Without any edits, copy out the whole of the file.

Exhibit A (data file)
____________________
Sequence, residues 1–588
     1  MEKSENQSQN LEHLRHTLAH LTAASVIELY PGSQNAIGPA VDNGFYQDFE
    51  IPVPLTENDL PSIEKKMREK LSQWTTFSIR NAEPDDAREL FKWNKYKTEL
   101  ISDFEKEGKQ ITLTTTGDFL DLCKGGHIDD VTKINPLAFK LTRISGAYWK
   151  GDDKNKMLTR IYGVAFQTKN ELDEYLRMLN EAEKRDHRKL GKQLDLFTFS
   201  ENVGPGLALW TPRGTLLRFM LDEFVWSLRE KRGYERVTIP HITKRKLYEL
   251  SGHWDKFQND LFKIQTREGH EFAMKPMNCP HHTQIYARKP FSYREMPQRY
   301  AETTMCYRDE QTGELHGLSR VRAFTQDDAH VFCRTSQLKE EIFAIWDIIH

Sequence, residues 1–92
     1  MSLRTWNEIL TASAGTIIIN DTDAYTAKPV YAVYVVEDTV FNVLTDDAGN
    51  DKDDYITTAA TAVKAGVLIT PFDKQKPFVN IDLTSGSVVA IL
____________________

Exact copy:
Sequence, residues 1–588
     1  MEKSENQSQN LEHLRHTLAH LTAASVIELY PGSQNAIGPA VDNGFYQDFE
    51  IPVPLTENDL PSIEKKMREK LSQWTTFSIR NAEPDDAREL FKWNKYKTEL
   101  ISDFEKEGKQ ITLTTTGDFL DLCKGGHIDD VTKINPLAFK LTRISGAYWK
   151  GDDKNKMLTR IYGVAFQTKN ELDEYLRMLN EAEKRDHRKL GKQLDLFTFS
   201  ENVGPGLALW TPRGTLLRFM LDEFVWSLRE KRGYERVTIP HITKRKLYEL
   251  SGHWDKFQND LFKIQTREGH EFAMKPMNCP HHTQIYARKP FSYREMPQRY
   301  AETTMCYRDE QTGELHGLSR VRAFTQDDAH VFCRTSQLKE EIFAIWDIIH

Sequence, residues 1–92
     1  MSLRTWNEIL TASAGTIIIN DTDAYTAKPV YAVYVVEDTV FNVLTDDAGN
    51  DKDDYITTAA TAVKAGVLIT PFDKQKPFVN IDLTSGSVVA IL